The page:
The United States National Security Agency (NSA) has stated that by the end of November 2015, its access to the bulk phone data collected under its Patriot Act surveillance program will end; however, it will retain records of the data for the purpose of civil litigation.
The office of the Director of National Intelligence said on Monday that the telephone data it obtained from phone companies, such as Verizon, would be destroyed in compliance with the recently passed Freedom Act, which mandated a 180-day transition period ending November 29. Once this period expires, the intelligence agency's access to the data will cease.
However, the NSA added the proviso that it will allow technical personnel continued access for an extra three months "for data integrity purposes", and the agency will keep records "until civil litigation regarding the program is resolved, or the relevant courts relieve NSA of such obligations".
The NSA claimed that the records being kept "will not be used or accessed for any other purpose, and, as soon as possible, NSA will destroy the Section 215 bulk telephony metadata upon expiration of its litigation preservation obligations".
Section 215 of the Patriot Act had been historically used by the federal government to obtain access to customer metadata -- including telephone numbers, the dates and times of calls, but not the content -- without a warrant.
The Patriot Act was passed by Congress as emergency legislation for the purposes of tracking potential terrorists within weeks of the September 11, 2001, attacks on the US. The vague wording of s215, which allowed for the collection of "intangible things" in regards to "books, records, papers, documents, and other items" gave the government widespread powers to obtain communications information without oversight.
In early May, the Second Circuit Court of Appeals ruled that the program wielded under that section "exceeds the scope" of what its lawmakers intended when the legislation was first passed.
"The text of [section 215] cannot bear the weight the government asks us to assign to it, and that it does not authorize the telephone metadata program," judge Gerard E Lynch wrote in his ruling.
Under the Freedom Act, subsequently passed by Congress in early June, federal intelligence agencies are now required to obtain a warrant from a secret counter-terror court, based on the individual circumstances of each case, before it is allowed to collect call data from telecommunications companies. The NSA must now identify a specific person or group of people suspected of terror ties in order to gain access to that person's metadata.
However, the new legislation does not curb the powers of the NSA's PRISM program, which reportedly collects data from technology companies, including from email providers, social networks, and voice services. Under Section 702 of the Foreign Intelligence Surveillance Act, the NSA has the power to compel tech companies to supply residents' international calls and emails without a warrant.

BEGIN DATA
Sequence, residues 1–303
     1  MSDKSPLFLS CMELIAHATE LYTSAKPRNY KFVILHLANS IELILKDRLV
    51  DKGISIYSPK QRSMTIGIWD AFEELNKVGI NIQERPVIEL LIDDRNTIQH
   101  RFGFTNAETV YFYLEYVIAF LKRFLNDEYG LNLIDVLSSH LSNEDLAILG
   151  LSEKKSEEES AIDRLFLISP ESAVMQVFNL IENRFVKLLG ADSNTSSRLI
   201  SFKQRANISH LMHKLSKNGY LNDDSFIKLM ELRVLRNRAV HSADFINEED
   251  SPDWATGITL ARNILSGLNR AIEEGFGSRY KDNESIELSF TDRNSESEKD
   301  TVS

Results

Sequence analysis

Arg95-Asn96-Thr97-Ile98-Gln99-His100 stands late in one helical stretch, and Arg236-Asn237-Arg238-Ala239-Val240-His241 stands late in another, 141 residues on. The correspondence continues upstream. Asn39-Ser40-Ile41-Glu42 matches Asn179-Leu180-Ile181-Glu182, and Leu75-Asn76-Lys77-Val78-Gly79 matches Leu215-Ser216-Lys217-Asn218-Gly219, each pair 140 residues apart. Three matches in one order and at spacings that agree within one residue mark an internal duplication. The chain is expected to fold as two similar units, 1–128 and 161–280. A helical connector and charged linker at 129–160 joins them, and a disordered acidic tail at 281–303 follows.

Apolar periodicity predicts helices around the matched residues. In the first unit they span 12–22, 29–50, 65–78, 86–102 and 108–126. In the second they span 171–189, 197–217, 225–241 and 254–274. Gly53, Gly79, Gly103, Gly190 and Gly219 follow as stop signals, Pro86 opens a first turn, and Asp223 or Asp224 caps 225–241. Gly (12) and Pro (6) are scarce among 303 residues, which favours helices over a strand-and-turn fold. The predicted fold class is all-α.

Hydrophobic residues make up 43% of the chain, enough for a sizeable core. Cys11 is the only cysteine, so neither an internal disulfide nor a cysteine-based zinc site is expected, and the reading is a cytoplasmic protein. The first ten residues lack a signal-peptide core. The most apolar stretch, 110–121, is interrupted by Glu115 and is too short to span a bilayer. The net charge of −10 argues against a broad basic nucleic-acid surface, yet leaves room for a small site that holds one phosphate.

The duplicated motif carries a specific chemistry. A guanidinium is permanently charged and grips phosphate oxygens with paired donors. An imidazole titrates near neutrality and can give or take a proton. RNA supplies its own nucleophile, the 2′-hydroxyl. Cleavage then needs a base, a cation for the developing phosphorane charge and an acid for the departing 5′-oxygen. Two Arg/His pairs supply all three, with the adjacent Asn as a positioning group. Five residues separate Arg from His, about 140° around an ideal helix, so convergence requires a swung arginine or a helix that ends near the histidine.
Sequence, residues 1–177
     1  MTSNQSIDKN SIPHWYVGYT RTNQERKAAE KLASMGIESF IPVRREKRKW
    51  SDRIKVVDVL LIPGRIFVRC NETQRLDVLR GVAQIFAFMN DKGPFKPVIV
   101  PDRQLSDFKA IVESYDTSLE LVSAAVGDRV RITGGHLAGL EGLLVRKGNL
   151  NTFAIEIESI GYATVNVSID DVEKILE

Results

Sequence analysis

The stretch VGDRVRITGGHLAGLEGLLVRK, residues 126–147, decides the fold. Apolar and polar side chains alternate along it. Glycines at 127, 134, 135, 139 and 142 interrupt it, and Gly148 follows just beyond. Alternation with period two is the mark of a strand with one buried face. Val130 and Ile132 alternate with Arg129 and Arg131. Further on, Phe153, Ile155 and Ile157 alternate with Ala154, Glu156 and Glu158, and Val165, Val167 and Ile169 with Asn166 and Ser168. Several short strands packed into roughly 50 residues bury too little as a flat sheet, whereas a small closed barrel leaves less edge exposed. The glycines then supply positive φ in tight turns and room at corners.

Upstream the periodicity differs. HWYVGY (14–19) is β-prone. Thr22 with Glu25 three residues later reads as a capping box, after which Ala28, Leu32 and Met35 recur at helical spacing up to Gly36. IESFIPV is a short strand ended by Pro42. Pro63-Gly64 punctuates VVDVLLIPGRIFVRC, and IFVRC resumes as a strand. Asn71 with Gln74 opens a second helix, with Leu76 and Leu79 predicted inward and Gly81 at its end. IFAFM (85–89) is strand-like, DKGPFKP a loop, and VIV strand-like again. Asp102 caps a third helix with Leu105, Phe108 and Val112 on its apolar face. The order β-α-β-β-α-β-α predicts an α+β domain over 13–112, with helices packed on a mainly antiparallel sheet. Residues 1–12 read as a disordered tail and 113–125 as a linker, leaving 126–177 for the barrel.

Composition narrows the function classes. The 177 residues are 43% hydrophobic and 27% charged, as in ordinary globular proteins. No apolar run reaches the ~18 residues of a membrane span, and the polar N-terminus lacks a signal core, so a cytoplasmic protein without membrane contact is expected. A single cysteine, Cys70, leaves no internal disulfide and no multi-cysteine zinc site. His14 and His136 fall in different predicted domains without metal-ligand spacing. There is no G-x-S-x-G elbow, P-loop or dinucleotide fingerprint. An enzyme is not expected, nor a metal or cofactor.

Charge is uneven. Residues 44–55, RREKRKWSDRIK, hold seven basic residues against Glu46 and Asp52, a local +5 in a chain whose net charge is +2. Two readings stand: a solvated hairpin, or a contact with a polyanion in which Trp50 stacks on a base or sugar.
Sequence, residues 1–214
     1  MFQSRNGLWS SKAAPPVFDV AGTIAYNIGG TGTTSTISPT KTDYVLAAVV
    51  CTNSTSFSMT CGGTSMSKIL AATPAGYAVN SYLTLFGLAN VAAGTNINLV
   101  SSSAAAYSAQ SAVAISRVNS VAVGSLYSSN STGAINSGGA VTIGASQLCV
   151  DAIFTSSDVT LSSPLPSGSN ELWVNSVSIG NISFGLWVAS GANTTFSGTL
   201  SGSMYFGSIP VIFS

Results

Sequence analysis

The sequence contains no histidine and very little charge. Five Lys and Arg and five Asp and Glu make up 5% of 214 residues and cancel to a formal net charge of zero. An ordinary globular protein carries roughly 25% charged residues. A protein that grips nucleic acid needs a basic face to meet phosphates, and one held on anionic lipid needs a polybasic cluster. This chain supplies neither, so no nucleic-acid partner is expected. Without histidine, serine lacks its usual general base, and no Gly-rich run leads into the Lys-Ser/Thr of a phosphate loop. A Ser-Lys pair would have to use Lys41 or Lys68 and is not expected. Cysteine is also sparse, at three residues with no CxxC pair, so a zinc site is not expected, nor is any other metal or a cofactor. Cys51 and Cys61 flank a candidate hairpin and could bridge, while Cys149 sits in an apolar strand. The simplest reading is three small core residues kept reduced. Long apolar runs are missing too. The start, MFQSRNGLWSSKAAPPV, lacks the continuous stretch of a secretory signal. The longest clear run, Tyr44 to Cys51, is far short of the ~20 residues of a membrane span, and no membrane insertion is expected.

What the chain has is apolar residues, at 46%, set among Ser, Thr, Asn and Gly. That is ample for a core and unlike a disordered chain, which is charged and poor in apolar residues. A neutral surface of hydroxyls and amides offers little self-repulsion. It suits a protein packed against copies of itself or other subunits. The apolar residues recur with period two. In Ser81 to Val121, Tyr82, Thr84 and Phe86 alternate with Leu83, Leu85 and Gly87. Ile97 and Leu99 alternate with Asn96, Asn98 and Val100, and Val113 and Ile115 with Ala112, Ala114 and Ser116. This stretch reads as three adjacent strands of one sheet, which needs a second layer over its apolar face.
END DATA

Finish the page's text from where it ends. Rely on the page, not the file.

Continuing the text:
In March this year, Microsoft, Apple, and Google, among other tech companies, trade associations, and civil rights groups, joined the Reform Government Surveillance alliance in an effort to stop the bulk collection of metadata and push through further amendments to surveillance laws.
"We have a responsibility to protect the privacy and security of our users' data. At the same time, we want to do our part to help governments keep people safe. We have little doubt that Congress can protect both national security and privacy while taking a significant, concrete step toward restoring trust in the internet," Google's chief legal officer David Drummond said at the time.
The US government's unchecked widespread surveillance program was revealed by whistle-blower Edward Snowden in 2013, when he began leaking documents obtained while working as a contractor for the NSA.
Similar to the situation in the US, the United Kingdom High Court this month struck down its own rushed metadata-retention legislation, ruling various elements of it to be unlawful, as it is incompatible with the rights to privacy and the protection of personal data under the EU Charter of Fundamental Rights.
The Data Retention and Investigatory Powers Act 2014 was passed as emergency stop-gap legislation in order to fill the void after the European Court of Justice in April 2014 ruled against a European Union directive mandating that telecommunications operators retain all customer communications data for up to two years.
The UK legislation mandated that all ISPs and telcos retain customer communications data -- including the time and duration of a communication, phone numbers and email addresses involved in the communication, and location data -- for a period of one year, and granted access to police and intelligence agencies without the need for a warrant.
In Australia, however, warrantless access to the communications data of citizens was recently passed by parliament. The Telecommunications (Interception and Access) Amendment (Data Retention) Act 2015 will see all customers' call records, location information, IP addresses, billing information, and other data stored for two years, accessible without a warrant by law-enforcement agencies.
"These laws help create a culture of fear, a culture where we are all under suspicion and subject to heightened mass surveillance," New South Wales Labor MP Jo Haylen said.
"The challenge for lawmakers is to strike the right balance ... between privacy and security, between transparency and strength, and between the power of government and the rights of citizens. The government's data-retention laws do not strike the right balance, and neither does Labor's support of these laws."